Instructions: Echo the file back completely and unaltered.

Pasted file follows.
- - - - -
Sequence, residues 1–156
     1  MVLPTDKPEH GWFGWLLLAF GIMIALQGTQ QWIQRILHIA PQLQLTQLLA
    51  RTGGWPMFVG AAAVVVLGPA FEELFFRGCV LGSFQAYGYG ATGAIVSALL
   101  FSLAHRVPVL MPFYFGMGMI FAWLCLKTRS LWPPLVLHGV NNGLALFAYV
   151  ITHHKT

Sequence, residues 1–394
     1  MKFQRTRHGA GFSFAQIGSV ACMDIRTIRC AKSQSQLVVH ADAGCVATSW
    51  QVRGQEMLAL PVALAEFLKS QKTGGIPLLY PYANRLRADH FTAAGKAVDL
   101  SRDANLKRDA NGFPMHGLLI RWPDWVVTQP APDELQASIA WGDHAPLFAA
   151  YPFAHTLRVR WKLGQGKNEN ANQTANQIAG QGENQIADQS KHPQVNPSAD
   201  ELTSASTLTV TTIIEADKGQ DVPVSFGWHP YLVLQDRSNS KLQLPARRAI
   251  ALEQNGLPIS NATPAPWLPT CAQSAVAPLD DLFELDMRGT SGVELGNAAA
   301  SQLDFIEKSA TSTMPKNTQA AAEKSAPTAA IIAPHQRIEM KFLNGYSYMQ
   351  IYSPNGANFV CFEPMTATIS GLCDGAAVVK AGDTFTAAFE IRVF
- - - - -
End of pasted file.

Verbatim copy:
Sequence, residues 1–156
     1  MVLPTDKPEH GWFGWLLLAF GIMIALQGTQ QWIQRILHIA PQLQLTQLLA
    51  RTGGWPMFVG AAAVVVLGPA FEELFFRGCV LGSFQAYGYG ATGAIVSALL
   101  FSLAHRVPVL MPFYFGMGMI FAWLCLKTRS LWPPLVLHGV NNGLALFAYV
   151  ITHHKT

Sequence, residues 1–394
     1  MKFQRTRHGA GFSFAQIGSV ACMDIRTIRC AKSQSQLVVH ADAGCVATSW
    51  QVRGQEMLAL PVALAEFLKS QKTGGIPLLY PYANRLRADH FTAAGKAVDL
   101  SRDANLKRDA NGFPMHGLLI RWPDWVVTQP APDELQASIA WGDHAPLFAA
   151  YPFAHTLRVR WKLGQGKNEN ANQTANQIAG QGENQIADQS KHPQVNPSAD
   201  ELTSASTLTV TTIIEADKGQ DVPVSFGWHP YLVLQDRSNS KLQLPARRAI
   251  ALEQNGLPIS NATPAPWLPT CAQSAVAPLD DLFELDMRGT SGVELGNAAA
   301  SQLDFIEKSA TSTMPKNTQA AAEKSAPTAA IIAPHQRIEM KFLNGYSYMQ
   351  IYSPNGANFV CFEPMTATIS GLCDGAAVVK AGDTFTAAFE IRVF